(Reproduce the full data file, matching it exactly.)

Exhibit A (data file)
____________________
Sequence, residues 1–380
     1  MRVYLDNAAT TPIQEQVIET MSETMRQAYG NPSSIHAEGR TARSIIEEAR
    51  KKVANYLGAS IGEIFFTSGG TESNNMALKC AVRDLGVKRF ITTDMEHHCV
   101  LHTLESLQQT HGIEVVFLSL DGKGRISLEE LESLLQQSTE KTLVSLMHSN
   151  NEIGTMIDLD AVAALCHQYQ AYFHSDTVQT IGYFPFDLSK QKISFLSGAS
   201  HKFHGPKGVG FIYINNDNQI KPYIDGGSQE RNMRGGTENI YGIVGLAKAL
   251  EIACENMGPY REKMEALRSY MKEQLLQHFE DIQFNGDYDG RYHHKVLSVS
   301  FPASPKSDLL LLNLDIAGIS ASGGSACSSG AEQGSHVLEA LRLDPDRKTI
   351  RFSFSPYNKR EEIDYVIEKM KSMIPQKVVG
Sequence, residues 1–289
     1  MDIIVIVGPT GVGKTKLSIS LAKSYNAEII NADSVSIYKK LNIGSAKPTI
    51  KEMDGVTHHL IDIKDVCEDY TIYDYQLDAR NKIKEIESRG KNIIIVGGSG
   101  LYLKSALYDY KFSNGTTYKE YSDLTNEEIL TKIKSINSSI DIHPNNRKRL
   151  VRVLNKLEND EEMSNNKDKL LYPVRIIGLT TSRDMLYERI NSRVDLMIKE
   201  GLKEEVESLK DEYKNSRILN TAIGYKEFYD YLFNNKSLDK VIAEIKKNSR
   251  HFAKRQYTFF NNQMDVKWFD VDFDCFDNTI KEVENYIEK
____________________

Sequence, residues 1–380
     1  MRVYLDNAAT TPIQEQVIET MSETMRQAYG NPSSIHAEGR TARSIIEEAR
    51  KKVANYLGAS IGEIFFTSGG TESNNMALKC AVRDLGVKRF ITTDMEHHCV
   101  LHTLESLQQT HGIEVVFLSL DGKGRISLEE LESLLQQSTE KTLVSLMHSN
   151  NEIGTMIDLD AVAALCHQYQ AYFHSDTVQT IGYFPFDLSK QKISFLSGAS
   201  HKFHGPKGVG FIYINNDNQI KPYIDGGSQE RNMRGGTENI YGIVGLAKAL
   251  EIACENMGPY REKMEALRSY MKEQLLQHFE DIQFNGDYDG RYHHKVLSVS
   301  FPASPKSDLL LLNLDIAGIS ASGGSACSSG AEQGSHVLEA LRLDPDRKTI
   351  RFSFSPYNKR EEIDYVIEKM KSMIPQKVVG
Sequence, residues 1–289
     1  MDIIVIVGPT GVGKTKLSIS LAKSYNAEII NADSVSIYKK LNIGSAKPTI
    51  KEMDGVTHHL IDIKDVCEDY TIYDYQLDAR NKIKEIESRG KNIIIVGGSG
   101  LYLKSALYDY KFSNGTTYKE YSDLTNEEIL TKIKSINSSI DIHPNNRKRL
   151  VRVLNKLEND EEMSNNKDKL LYPVRIIGLT TSRDMLYERI NSRVDLMIKE
   201  GLKEEVESLK DEYKNSRILN TAIGYKEFYD YLFNNKSLDK VIAEIKKNSR
   251  HFAKRQYTFF NNQMDVKWFD VDFDCFDNTI KEVENYIEK